Respect for and compliance with the decisions of the press council.

The Press Council of SA said that the print media should continue to regulate itself while beefing up its oversight bodies and codes. The council endorsed the system of media self-regulation and proposed sweeping changes to the South African Press Code and the functioning of the office of the press ombudsman following the release of a task team report  after a year-long probe wherein they examined over 100 various press codes from around the world.  This finding raised respect for and compliance with the decisions of the press council.

The report was commissioned amid complaints by the African National Congress about media coverage and proposals at its 2007 national conference to set up a media appeals tribunal to replace the existing self-regulation of the media.

Should Media be regulated?

Should Media be regulated?

“The wide-ranging survey of media regulatory practices undertaken convinced the task team and the press council that statutory regulation is not warranted in South Africa and that self-regulation remains the best option for Countries with strong traditions of freedom of expression and that have optimum co-operation among the media, practice self-regulation”, the council said.



A member of the task team, Professor Franz Kruger of the University of the Witwatersrand, said the press council prefer not to get involved in the proposed media tribunal. “We don’t want any relationship with the media tribunal. We have reaffirmed our position that self-regulation is the best practice. The tribunal is a bad idea,” he said at a presentation of the report in Johannesburg.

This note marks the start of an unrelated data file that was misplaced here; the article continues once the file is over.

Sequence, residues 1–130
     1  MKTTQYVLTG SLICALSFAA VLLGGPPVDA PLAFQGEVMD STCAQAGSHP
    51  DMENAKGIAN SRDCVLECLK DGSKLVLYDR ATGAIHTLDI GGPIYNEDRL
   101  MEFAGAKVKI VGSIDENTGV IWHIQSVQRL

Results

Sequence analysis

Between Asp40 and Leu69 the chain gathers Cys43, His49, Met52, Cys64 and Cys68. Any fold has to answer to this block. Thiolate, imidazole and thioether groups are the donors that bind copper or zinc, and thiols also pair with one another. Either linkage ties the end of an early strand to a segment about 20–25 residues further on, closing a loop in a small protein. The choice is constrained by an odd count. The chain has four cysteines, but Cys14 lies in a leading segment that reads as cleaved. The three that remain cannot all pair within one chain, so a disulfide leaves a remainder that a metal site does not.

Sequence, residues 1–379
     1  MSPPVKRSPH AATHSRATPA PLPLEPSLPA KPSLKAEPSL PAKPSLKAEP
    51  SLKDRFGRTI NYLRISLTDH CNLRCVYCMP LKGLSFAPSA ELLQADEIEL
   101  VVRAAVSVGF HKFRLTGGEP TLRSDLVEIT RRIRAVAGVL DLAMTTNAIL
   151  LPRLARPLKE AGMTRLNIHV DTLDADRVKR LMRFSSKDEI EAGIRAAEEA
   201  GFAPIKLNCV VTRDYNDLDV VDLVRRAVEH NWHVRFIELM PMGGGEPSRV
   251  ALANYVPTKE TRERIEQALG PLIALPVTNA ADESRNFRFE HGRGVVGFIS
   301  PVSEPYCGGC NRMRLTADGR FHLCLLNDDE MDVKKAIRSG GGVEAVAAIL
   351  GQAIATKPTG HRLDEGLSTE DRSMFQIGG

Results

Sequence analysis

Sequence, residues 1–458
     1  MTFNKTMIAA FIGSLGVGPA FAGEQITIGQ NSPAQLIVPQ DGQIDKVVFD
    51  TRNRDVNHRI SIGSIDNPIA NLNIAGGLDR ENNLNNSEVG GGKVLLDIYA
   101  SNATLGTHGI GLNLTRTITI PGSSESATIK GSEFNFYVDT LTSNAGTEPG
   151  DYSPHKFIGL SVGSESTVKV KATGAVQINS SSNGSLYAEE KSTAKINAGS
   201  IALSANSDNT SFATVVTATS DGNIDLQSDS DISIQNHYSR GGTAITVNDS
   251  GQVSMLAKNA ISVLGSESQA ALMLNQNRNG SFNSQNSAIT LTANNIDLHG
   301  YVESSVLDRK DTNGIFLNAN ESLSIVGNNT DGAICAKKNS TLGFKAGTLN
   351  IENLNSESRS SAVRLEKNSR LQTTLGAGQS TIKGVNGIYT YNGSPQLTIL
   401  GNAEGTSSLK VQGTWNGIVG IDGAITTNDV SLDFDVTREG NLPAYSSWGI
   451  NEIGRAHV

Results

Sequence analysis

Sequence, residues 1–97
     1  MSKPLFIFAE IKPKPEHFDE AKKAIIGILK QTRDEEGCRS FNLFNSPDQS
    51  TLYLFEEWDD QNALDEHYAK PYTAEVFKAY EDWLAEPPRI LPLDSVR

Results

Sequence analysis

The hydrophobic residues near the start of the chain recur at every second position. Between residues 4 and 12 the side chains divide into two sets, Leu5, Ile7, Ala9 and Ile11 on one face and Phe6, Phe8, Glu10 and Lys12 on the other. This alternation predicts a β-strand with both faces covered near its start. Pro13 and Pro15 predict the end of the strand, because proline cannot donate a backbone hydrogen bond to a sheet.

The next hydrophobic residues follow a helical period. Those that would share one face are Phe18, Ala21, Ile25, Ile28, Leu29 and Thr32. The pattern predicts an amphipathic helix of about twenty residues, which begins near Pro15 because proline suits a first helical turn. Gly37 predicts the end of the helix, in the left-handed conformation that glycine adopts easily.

The report recommended restructuring the press council to include a director to deal with the public on press standards and media freedom and a public advocate to help people with their complaints against the media. It further suggested the appointment of an ombudsman to arbitrate matters not resolved through negotiation and a chair of appeals to deal with appeals as well as extended jurisdiction of the ombudsman’s office to the online publications of its members.

The report found that imposing fines on newspapers was not a good idea; instead the use of peer pressure and the publication of apologies and retractions should continue. Amendments to the press code including sections on children’s rights, guidelines on privacy, dignity and reputation, and on independence and avoiding conflicts of interest were also proposed.

Proposed complains line

Guidelines for the use of confidential and anonymous sources should be expanded and rules about discrimination and hate speech should be tightened. Various measures to make the complaints process more accessible were recommended, such as advertising hearings and having a toll-free number to make it easier to complain.

Industry bodies are currently considering the content of the report and includes the press freedom commission chaired by former Chief Justice Pius Langa, SA National Editors’ Forum, the Newspaper Association of SA, the Forum for Community Journalists, the Magazine Publishers’ Association of SA and the Association of Independent Publishers of SA.

“We believe the final outcome will result in a strong and effective press council acting as a watchdog over press misdemeanor, while promoting excellence in the practice of journalism and upholding the freedom and independence of the press are essential elements in promoting the concepts of democracy,,” said Press Council chair Raymond Louw.

SABC 2 covered a media discussion between key players of the print media on the proposed media regulatory practices yesterday 17 August 2015 – watch extracts of this discussion here.